It’s been well over a month since I received one of the most riveting letters in the history of letter writing. It’s an e-mail from a man who says he’s the eldest cousin of Alistair Economakis–the landlord that’s awfully close to turning the 15-unit, 60-room tenement building he owns at 47 East Third Street into a mansion for his family.
Despite several e-mails sent from The Observer to the landlord’s lawyer (as well as to that lawyer’s spokesperson) asking to confirm that Mr. Economakis has a cousin named Evel, we still haven’t heard anything one way or the other. So take the letter with a grain of salt.
Dear Mr. Abelson,
Your recent story about New York landlord Alistair Economakis’s fight to rid the five-story tenement on 47 East Third Street of its tenants has disturbed me, but it hasn’t surprised me. That’s because I have known Alistair’s family for many years now. You see, I have the misfortune of being his first—and eldest—cousin.
Alistair was always a rich brat. I remember once, in some village in southern Greece, he stuck his five-year-old head out of his father’s—my uncle’s—car, and, encouraged by his guffawing dad, shouted insults at elderly women, calling them “hags”. I nearly slapped my little cousin’s face for that. I regret now I didn’t.
The apple doesn’t usually fall far from the tree. My uncle Alexander (Alistair’s father) is a philandering old playboy who idolizes the worst in America—including the robber barons of the 19th century. Back in 2005, when I first learned of the scandal brewing in New York around the Economakis name, I asked my uncle if it was true Alistair was trying to evict people from the building in the East Village. His answer, word-for-word, was: “Yes, and good for him—most of the tenants are Jews anyway. He’ll make a killing when he sells the building.”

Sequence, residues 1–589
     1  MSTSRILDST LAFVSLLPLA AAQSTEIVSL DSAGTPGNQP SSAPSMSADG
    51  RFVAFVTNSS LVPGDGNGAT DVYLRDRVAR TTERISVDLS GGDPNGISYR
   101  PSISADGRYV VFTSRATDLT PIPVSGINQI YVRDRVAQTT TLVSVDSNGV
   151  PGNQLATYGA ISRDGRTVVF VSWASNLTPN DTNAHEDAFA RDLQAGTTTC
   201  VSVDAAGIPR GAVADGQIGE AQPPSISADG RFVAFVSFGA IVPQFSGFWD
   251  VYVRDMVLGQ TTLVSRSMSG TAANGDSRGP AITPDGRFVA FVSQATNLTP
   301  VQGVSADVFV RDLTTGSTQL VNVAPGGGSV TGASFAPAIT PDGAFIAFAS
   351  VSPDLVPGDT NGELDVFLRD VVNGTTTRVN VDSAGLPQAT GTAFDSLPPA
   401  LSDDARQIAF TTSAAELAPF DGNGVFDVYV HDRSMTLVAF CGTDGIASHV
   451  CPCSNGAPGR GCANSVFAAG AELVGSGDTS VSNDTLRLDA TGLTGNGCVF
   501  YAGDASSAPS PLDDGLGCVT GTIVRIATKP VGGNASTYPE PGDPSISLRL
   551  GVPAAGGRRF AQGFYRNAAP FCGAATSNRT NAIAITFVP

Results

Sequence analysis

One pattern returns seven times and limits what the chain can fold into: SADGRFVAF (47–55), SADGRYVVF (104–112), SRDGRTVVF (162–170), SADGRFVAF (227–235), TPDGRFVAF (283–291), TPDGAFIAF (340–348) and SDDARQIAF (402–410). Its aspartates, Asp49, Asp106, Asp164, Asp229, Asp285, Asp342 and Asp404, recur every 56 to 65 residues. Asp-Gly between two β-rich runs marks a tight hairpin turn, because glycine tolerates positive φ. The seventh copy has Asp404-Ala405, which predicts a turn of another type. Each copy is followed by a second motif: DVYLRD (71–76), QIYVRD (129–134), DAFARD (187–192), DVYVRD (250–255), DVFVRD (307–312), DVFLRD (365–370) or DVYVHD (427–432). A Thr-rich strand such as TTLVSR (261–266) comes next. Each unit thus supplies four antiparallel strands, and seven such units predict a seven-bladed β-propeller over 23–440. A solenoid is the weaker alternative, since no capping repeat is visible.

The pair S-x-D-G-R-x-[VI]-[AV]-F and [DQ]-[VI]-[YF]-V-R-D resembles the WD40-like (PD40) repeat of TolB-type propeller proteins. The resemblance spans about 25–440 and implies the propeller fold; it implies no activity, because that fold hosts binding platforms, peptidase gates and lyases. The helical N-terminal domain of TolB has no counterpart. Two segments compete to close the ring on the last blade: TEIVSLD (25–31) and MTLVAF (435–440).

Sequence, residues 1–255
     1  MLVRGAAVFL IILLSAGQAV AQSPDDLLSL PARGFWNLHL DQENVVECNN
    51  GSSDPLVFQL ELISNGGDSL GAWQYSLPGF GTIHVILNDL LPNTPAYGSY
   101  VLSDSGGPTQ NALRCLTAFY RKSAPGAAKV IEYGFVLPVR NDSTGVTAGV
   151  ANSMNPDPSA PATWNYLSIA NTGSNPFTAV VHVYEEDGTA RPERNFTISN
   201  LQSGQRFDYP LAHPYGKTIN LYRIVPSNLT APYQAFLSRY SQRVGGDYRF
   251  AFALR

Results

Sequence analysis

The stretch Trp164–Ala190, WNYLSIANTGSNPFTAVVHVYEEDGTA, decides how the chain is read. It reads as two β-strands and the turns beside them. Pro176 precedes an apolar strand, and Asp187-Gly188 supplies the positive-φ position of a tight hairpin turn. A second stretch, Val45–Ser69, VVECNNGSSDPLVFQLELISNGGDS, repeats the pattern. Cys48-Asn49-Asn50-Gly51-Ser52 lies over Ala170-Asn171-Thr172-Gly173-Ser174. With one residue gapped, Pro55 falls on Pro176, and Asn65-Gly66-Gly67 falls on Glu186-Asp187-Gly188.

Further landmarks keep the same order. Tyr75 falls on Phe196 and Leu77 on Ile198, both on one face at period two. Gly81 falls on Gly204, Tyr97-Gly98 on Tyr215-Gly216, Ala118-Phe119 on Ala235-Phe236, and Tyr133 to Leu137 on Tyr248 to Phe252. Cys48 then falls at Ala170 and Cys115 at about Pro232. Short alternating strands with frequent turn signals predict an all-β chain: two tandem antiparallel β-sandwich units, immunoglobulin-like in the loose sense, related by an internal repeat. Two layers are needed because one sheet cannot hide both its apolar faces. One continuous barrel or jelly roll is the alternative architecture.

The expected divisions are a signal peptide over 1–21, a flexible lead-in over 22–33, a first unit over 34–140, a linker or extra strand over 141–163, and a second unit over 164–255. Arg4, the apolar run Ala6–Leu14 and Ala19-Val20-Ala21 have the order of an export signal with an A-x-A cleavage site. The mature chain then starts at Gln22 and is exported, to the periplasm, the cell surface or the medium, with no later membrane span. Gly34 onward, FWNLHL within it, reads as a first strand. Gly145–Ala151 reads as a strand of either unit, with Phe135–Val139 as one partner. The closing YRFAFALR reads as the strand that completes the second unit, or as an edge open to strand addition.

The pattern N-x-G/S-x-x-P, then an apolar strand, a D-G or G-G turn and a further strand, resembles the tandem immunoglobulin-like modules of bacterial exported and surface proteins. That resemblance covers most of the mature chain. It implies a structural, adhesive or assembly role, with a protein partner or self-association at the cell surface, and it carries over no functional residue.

Shocked? You shouldn’t be. It’s almost impossible to be filthy rich and not be a rotten scoundrel inside. After all, behind most great fortunes lies a crime. But Alistair and his wife Catherine Economakis (who is much wealthier than my cousin, and is the real force behind the scenes) will reap what they’ve sown. Their crime will come back—again and again, for as long as they live—to haunt them. Of this I haven’t the slightest doubt.
My cousin, who grew up in Greece and England, wraps himself in the American flag and evokes the U.S. Constitution to “justify” his family’s need to live in 60 rooms, in a 11,000-square-foot home. I’ve read the popular outcry, the indignant outrage. Yet what do people expect from the likes of my cousin and his wife? Crying “shame!” or noting the irony in the fact that Alistair’s mother-in-law is a Columbia University dean who teaches urban studies, of all things, is an exercise in futility. I can assure you they aren’t at all fazed by such criticism.
So many good people bemoan the legal ruling allowing the eviction to take place. This is naïve. Who makes the laws, after all? The government does. And what is the government but the representative of a country’s ruling class? What do low-income tenants expect from the enemy, after all?
Yet what goes around tends to come around. You can spit on the collective—as Alistair and Cathy Economakis have done, but it’s quite another thing when the collective turns around and spits on you!
Low income tenants of New York! Run the Economakises—and all human lice like them—out of town! Turn their “American dream”—a dream at your expense—into a real nightmare! Give them no quarter! Make it physically and psychologically impossible for them to evict you! Send THEM packing!